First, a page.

TIP: If you are an unpaid carer for a severely disabled person or child then you may be entitled to more Universal Credit. It does not matter whether you are working (or would normally be working), or whether you are in receipt of Carers Allowance or not. But always check with a Benefits Adviser before requesting the addition of a Carer Element in your award – the person you are caring for could lose some of their benefits if you get the extra amount. See below for more information.
If you are a carer
Your award can include a Carer Element if you (or your partner) are caring for a severely disabled person for at least 35 hours a week. It doesn’t matter if you are working, or how much you earn.
You won’t get extra money if you’re employed as a carer.
You do not need to be in receipt of Carer’s Allowance. If you do get Carer’s Allowance, your Universal Credit payment will be reduced by £1 for every £1 you receive from Carer’s Allowance but you should have the Carer Element included in the maximum UC amount.
It’s worth telling the person you look after about your claim – they could lose some of their benefits if you get the extra amount.
The person you care for must be getting one of these benefits:
- The daily living component of Personal Independence Payment
- The middle or high rate care component of Disability Living Allowance
- Attendance Allowance or Constant Attendance Allowance
- Armed Forces Independence Payment
|Monthly Carer Element|
|If you care for a disabled person||£163.73|
NOTE: The Carer Element and the Limited Capability for Work / Work Related Activities Element cannot be included in a Universal Credit award in respect of the same claimant. You won’t receive both. Instead you will receive the larger amount.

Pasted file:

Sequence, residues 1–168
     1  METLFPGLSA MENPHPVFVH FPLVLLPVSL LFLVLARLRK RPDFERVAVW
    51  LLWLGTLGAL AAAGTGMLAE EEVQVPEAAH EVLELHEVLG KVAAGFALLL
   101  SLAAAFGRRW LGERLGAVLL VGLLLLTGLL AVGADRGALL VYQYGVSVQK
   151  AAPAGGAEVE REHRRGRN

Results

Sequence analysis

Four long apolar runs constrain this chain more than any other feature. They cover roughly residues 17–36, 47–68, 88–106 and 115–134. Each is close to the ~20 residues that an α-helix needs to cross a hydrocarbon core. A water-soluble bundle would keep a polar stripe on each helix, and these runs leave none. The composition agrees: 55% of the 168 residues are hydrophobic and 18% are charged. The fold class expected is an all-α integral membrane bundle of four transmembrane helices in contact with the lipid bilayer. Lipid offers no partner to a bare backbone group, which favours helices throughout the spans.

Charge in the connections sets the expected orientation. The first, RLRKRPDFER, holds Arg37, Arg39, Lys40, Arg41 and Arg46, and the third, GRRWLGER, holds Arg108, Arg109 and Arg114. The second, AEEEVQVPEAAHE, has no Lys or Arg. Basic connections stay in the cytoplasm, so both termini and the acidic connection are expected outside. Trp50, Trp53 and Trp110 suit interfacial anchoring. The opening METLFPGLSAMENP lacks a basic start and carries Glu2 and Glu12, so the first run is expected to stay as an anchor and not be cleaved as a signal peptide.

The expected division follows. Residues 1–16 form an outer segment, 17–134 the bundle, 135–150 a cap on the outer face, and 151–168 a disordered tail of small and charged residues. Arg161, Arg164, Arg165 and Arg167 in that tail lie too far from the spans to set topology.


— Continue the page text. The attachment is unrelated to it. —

Shelia and Sam live in a rented one bedroom flat. Sam works full time and Sheila cares for her mum who gets Attendance Allowance. They claim Universal Credit and their Maximum UC figure should include a Standard Allowance, a Housing Costs Element and if Shelia spends 35 hours a week or more caring for her mum, it should also include a Carer Element.
Petal is a lone parent. She lives with her two children in a three bedroom rented house. Her eldest, Lucas, gets mid rate care Disability Living Allowance. Petal works part-time, she brings home £180 a week, and she gets Universal Credit to top this up and help pay her rent. She is finding it a struggle to pay the bills and so books an appointment with a Benefits Adviser. They spot that she is not getting the Carer Element in her Universal Credit despite being entitled. So they help her write a note on her journal explaining the hours of care she provides Lucas. Her Universal Credit is re-assessed and her payments increase by £163.73 a month.
IMPORTANT: You do not have to be claiming Carers Allowance to have a Carer Element included in your Universal Credit award.
WARNING: Always check with a Benefits Adviser before requesting the addition of a Carer Element in your award – the person you are caring for could lose some of their benefits if you get the extra amount.